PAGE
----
Appendicitis: Children and Teens
Appendicitis is an infection of the appendix. It affects 7 percent of Americans and is the most common reason for a child to need emergency abdominal surgery, according to the American Academy of Family Physicians. Young people between ages 11 and 20 are most often affected. Most cases occur in the winter months between October and May. A child, especially a boy, may have a greater risk for appendicitis if someone else in the family had it.
The appendix is a small, fingerlike structure attached to the large intestine in the lower right side of the abdomen. Appendicitis occurs when the appendix is blocked by a piece of stool, a foreign body that was swallowed, or swelling from an infection. Bacteria then invade the wall of the appendix. This causes more damage.
If the infected appendix isn't removed, the appendix may leak or burst. This can cause either a localized infection or a life-threatening condition called peritonitis.
There's no way to prevent appendicitis. It is rare in countries where people eat a high-fiber diet, but experts haven't yet shown such a diet definitely prevents it.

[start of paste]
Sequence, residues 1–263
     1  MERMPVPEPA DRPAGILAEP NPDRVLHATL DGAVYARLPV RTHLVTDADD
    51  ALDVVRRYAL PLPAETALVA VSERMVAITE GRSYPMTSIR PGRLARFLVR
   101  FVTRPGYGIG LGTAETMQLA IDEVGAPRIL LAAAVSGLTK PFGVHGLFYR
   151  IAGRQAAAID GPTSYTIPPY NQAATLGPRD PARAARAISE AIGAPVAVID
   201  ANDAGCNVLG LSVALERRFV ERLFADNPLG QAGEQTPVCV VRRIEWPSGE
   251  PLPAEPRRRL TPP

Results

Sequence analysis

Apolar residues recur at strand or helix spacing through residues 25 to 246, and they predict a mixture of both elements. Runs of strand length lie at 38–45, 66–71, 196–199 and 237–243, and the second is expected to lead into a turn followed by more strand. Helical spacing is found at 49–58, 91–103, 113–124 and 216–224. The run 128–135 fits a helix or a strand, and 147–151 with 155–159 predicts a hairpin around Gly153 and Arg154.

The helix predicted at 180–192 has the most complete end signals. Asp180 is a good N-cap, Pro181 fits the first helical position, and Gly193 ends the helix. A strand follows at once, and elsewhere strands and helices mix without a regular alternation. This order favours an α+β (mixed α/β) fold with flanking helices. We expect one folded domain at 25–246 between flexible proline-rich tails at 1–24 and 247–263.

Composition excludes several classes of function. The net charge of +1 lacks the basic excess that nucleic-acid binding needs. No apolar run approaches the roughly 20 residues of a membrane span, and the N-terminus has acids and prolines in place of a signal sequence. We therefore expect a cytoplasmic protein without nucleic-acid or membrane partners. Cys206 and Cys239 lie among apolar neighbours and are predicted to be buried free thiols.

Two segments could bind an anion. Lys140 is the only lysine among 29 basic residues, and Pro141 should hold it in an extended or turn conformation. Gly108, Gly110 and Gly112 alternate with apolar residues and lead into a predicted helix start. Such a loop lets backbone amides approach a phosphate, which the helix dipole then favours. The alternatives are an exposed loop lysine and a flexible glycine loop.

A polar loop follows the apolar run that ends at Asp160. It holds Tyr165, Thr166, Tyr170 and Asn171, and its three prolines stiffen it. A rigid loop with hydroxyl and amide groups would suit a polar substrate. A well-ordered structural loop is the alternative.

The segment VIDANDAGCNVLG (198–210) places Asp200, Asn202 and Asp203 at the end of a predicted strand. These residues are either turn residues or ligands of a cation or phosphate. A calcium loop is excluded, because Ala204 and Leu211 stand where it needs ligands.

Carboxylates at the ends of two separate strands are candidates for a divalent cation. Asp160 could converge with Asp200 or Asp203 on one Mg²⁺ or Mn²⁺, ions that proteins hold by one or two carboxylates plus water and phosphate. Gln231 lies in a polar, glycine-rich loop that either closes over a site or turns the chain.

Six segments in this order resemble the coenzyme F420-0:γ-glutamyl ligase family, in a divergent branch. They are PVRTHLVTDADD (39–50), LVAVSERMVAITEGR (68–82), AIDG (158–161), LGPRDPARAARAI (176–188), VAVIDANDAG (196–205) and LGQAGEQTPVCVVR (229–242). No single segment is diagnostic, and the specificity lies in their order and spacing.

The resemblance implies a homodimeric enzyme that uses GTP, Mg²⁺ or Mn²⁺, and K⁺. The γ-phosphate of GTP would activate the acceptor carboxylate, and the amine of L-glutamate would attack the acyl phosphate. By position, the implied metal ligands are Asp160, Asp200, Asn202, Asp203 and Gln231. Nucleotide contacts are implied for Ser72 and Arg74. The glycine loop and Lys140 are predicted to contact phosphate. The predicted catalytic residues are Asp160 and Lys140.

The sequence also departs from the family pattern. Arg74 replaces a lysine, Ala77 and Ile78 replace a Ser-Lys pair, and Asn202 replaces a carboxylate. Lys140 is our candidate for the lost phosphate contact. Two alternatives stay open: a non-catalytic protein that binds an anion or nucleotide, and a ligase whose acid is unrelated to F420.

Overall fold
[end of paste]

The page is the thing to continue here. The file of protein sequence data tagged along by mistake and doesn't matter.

Signs and symptoms
The symptoms of appendicitis in older children and teens are abdominal pain, fever, and vomiting. The pain usually begins in the center of the abdomen, around the area of the navel. Later, it may move downward and to the right.
After abdominal pain begins, older children and teens with appendicitis usually develop a slight fever, lose their appetite, feel nauseous, and may vomit. Other symptoms include diarrhea; the need to urinate frequently; a strong urge to urinate; constipation; and, sometimes, respiratory symptoms.
In children younger than age 2, the most common symptoms are vomiting and a bloated and swollen abdomen.
It can be difficult to diagnose appendicitis. Even experienced doctors aren't able to diagnose it 100 percent of the time. There is no laboratory test for it. X-rays may not be useful. In some cases, CT scans can help pinpoint the condition.
Appendicitis is a medical emergency that must be treated surgically. If the appendix is removed surgically before it bursts, complications are rare. The hospital stay is usually two or three days. If the appendix breaks, a longer hospital stay is needed after it's removed.
When to call the doctor
Call your doctor immediately if you suspect your child has appendicitis. This will give your doctor more time to confirm the diagnosis and remove the infected appendix before it leaks or bursts and spreads infection. If you are unable to contact your doctor, go to the emergency room.
If it appears your child may have appendicitis, don't give him or her pain medication or anything to eat or drink. Having an empty stomach speeds preparation for surgery, if needed.